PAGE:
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Tips for keeping your children safe – Part 3 – Fire Safety

During my 25 years of urban security, I was absolutely astounded by the volume of household or business fire emergencies I attended.

From urban fires to industrial fires, to residential fires and most frequently, shack fires in townships, I have seen it all – and every time, it was devastating!

Loadshedding has caused an enormous threat to the escalation of all of these types of fire emergencies. Firstly, without power many households are becoming increasingly dependent on paraffin, gas and candles, all of which present danger, including the way in which they are stored when not in use. 

Most shack fires emanate from paraffin stoves or lanterns and candles, and this is due to open flames being left unattended. Not only this, but these open flames produce carbon monoxide – a colourless, odourless, tasteless gas, which in a poorly ventilated environment, will cause death. 

With winter coming and loadshedding seemingly endless, people will be forced to depend on fire more than ever – for light, cooking and heat.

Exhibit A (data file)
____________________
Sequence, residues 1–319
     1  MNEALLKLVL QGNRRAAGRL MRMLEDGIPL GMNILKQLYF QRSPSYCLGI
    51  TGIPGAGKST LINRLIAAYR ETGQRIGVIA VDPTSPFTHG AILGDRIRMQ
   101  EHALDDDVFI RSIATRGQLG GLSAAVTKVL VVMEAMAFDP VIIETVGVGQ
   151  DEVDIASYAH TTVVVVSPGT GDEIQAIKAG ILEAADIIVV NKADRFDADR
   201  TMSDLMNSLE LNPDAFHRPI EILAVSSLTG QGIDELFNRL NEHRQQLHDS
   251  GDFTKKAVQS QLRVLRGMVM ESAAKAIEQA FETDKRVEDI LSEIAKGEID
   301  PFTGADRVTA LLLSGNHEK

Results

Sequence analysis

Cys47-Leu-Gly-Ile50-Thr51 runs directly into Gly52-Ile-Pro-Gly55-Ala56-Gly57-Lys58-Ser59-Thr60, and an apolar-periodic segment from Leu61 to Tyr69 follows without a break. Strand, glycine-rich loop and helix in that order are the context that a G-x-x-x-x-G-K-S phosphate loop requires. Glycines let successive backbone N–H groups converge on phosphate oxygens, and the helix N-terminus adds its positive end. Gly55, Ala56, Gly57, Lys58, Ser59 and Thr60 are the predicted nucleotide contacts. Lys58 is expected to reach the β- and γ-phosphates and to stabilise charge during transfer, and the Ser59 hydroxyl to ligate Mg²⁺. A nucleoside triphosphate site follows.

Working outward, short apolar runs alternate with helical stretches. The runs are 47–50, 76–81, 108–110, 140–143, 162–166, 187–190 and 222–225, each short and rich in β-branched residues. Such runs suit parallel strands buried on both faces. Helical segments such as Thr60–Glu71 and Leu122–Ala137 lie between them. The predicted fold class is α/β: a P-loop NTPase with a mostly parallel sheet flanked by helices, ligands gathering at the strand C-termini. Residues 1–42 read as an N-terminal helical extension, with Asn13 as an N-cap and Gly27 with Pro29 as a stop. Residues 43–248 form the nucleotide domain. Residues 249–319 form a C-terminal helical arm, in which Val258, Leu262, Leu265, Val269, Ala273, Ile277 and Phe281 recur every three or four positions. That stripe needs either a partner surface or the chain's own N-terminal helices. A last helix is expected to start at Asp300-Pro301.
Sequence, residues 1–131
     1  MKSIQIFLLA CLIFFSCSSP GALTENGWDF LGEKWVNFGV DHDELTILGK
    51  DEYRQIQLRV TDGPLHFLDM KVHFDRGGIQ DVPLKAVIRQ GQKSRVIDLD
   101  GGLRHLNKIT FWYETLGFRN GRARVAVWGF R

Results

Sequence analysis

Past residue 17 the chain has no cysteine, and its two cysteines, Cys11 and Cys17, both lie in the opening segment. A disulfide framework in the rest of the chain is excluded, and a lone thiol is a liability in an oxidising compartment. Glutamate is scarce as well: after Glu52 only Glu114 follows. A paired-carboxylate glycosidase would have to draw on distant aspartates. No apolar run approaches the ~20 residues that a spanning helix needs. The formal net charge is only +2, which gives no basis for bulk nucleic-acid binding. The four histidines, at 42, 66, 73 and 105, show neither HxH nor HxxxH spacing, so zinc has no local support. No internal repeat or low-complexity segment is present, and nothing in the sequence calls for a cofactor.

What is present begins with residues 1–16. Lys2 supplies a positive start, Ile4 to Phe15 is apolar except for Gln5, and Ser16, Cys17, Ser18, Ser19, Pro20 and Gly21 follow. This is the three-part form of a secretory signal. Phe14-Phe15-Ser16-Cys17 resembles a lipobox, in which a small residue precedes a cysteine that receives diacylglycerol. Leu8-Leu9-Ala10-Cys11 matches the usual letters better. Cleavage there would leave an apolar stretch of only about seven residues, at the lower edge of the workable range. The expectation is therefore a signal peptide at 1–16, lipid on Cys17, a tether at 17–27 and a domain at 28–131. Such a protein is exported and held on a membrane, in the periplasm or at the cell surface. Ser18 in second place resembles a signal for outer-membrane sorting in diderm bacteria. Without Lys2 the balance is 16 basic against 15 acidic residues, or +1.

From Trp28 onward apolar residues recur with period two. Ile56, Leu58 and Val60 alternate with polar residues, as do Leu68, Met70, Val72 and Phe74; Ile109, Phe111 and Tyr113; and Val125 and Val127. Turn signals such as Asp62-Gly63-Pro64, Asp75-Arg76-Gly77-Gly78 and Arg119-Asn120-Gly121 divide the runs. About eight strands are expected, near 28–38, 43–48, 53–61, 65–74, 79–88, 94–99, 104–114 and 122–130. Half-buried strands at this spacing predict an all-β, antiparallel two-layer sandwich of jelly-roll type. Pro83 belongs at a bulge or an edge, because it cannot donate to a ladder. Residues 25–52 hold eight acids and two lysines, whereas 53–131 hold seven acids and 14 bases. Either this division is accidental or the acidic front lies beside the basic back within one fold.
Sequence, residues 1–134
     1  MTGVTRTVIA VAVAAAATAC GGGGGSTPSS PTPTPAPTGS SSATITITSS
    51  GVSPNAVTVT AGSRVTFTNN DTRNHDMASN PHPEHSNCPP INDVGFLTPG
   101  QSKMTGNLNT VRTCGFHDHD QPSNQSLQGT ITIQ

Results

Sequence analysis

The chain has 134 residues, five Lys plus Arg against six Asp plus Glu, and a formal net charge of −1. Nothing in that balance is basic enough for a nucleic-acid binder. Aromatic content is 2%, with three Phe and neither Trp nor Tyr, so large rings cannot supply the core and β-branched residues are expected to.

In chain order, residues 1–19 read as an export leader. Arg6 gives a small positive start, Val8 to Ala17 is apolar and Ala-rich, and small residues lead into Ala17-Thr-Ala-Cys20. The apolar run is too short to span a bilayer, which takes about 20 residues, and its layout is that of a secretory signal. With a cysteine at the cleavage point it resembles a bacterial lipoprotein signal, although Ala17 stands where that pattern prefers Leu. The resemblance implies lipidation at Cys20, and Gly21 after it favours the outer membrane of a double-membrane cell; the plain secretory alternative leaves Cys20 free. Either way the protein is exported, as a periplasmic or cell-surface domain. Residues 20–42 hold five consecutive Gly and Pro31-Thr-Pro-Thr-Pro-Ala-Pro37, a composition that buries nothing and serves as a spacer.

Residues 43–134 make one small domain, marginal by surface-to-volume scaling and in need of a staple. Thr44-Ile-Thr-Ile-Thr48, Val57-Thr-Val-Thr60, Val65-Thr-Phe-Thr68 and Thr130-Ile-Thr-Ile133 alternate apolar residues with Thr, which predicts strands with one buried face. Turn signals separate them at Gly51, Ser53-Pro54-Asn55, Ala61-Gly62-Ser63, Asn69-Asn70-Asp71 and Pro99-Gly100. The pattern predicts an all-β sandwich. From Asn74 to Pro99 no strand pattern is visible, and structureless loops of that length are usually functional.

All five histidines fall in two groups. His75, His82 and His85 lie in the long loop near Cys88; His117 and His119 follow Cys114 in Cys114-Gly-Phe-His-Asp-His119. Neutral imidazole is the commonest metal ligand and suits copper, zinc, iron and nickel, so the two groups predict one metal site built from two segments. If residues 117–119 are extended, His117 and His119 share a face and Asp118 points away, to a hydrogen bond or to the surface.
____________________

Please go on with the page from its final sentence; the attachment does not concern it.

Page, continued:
Also, as this dry season approaches, veld fires will become another danger to lives and properties – keep grass and vegetation around your properties to a minimum. 

If going for a hike or game drive remember 3 things:

  1. You can’t outrun a veld fire in a strong wind. 
  2. A runaway fire can jump even a 300 metre gap.
  3. The direction in which the wind is blowing, determines fire directions – and this can change in a second. 

Here are some easy-to-implement suggestions to help keep various fire threats at a minimum:

  • Have 1 or more fire extinguishers in the house, and as soon as possible teach your children how to use them.
  • Have the local fire department or emergency services numbers at hand.
  • Practice your evacuation plan and appoint a designated safe zone in your environment as your assembly point.
  • Install a few smoke detectors in key areas. These should ideally be connected to your response companies.
  • Never underestimate how quickly a fire can spread. Fire starting devices should never be within reach – if you are a smoker, check where you leave your lighter or matches. A cigarette lighter in a car can also be a disaster in the hands of children. 
  • Ensure your hoses are connected to taps around your property. 
  • Make sure that anyone else who lives on your property follows the same rules regarding fire prevention.  

Until next week, stay safe. 

Vic